May 16, 2017

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-AP Students and/or students who have taken the SAT

“It is not often that a man can make opportunities for himself.  But he can put himself into such shape that when or if opportunity comes, he is ready.” -Theodore Roosevelt

For years and years, high schools across the nation emphasize the aptitude test known as the SAT.  There are those who have the necessary funds, those who know which direction to go in life, and those who are backed with the many scholarships they have earned who may just shrug off the difficulty that comes with nothing more than another qualification for college.  For many, however, comes its blatant needlessness.  There will be those who have an interest in vocational schools, those who work straight out of high school, or those who pursued an alternate route.  Why must they receive the same emphasis if it’s not of their interest?

The SAT, in a sense, is an unnecessary test that has burrowed its way into high school life.  Perhaps it wouldn’t be needless if something like junior college was not made available as an alternate route.  Junior college, otherwise known as community college, is arguably the most efficient and helpful way to get into any four-year university.  Unlike a generalized test such as the SAT, community college can provide students with a more specific goal for when they reach any of the local Cal-States or UCs.  This is imperative to those who have yet to decide what they wish to pursue in life, what they know they’re good at, and what they’re the most comfortable with since it provides an extended two years of experience and flexibility that isn’t limited to mandatory classes in high school.

In hindsight, passing the SAT, ACT, or any form of aptitude test can prove a student’s worth in college life.  However, in today’s society, debt has become the accepted snake that crawls up and down everyone’s spine.  It almost always begins with student loan debt.  As opposed to what the SAT promotes, unless the student pursued scholarships, they are walking into the loan traps set in place by a majority of colleges.  Why must a student pay for general education classes in a four-year college?  These classes do not favor their pursuit in their occupation whatsoever, yet they are still paying the full price for courses and semesters.  Why isn’t it advertised that community college also covers general education classes?  You can complete said classes for a fraction of the cost all while figuring out what career you want to pursue.  Not to mention that transfers have a greater enrollment rate than freshmen going in straight from high school according to the statistics found on universityofcalifornia.edu.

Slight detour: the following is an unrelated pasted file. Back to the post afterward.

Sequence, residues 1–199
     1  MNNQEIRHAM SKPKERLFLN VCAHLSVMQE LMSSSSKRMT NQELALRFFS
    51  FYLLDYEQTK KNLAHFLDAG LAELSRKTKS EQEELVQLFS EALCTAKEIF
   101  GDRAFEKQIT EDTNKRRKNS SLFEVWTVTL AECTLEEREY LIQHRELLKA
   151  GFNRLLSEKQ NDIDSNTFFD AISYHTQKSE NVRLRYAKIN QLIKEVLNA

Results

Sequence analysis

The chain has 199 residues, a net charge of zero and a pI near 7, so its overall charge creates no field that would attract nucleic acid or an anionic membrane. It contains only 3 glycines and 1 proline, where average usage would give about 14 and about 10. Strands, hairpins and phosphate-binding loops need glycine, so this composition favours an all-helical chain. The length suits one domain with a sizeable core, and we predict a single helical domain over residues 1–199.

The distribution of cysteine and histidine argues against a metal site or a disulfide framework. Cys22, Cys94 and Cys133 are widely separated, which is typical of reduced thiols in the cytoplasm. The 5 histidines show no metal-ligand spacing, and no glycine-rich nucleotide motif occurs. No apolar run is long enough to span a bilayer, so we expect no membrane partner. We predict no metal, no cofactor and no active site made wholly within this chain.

As mentioned before, unless a student has access to adequate funds and/or scholarships, the SAT should NOT be emphasized in high school life without the consultation of alternate methods.  Students should be aware and should know what they must endure if they decide to go directly into a four-year college directly from high school.

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“V/H/S: Viral” is a 2014 anthology horror film directed by Gregg Bishop and Justin Benson. It is the sequel to 2012’s “V/H/S” and 2013’s “V/H/S/2”. The plot of the film doesn’t follow the previous film. A group of teens who are obsessed with making viral videos witness an ice cream truck being chased through their neighborhood and record the chase with cameras to hopefully make it viral and become famous.

The film consists of three short films being played through someone’s phone whenever the ice cream truck passes by that person during the police chase:

“Dante the Great”

An unsuccessful magician named Dante is trying to make ends meet when he comes across a cloak that can make his magic more interesting beyond anyone’s wildest dreams.

“Parallel Monsters”

Mainly told in Spanish, this short film centers on a man who builds a machine that opens up a parallel universe very much like his own. He and his parallel self swap universes for a few minutes with some major consequences he may never forget.

“Bonestorm”

A group of skateboarders travel to the Mexican border. They soon skate over a mysterious symbol on the ground and they find themselves in a fight for their own survival against an evil that they have accidentally unleashed.

 

The film was complete trash! The film was a little too short and none of the shorts were that interesting. “Dante the Great” was mainly a short documentary instead of a found-footage short. In “Bonestorm”, the camera shots weren’t good. The boys had two GoPros on their heads, one towards their faces and the other faced away. The directors could’ve taken the cameras that were facing them and there would’ve been less camera switches. In “Parallel Monsters”, the monsters were lazily created and not scary. Don’t watch this movie, unless you enjoy bad movies. What could’ve made the movie better would be that the boys who were chasing the ice cream truck could get into the truck and watch one of the tapes.

“Dante the Great” could’ve been found-footage like it’s supposed to be instead of a documentary. “Bonestorm” could have less camera switches. “Parallel Monsters” could’ve had more scary monsters in the parallel universe. One thing that also could’ve made the movie interesting would be that the glitch monster from the first film in the short “Tuesday the 17th” could’ve been the one behind the chase and videos going viral

2/10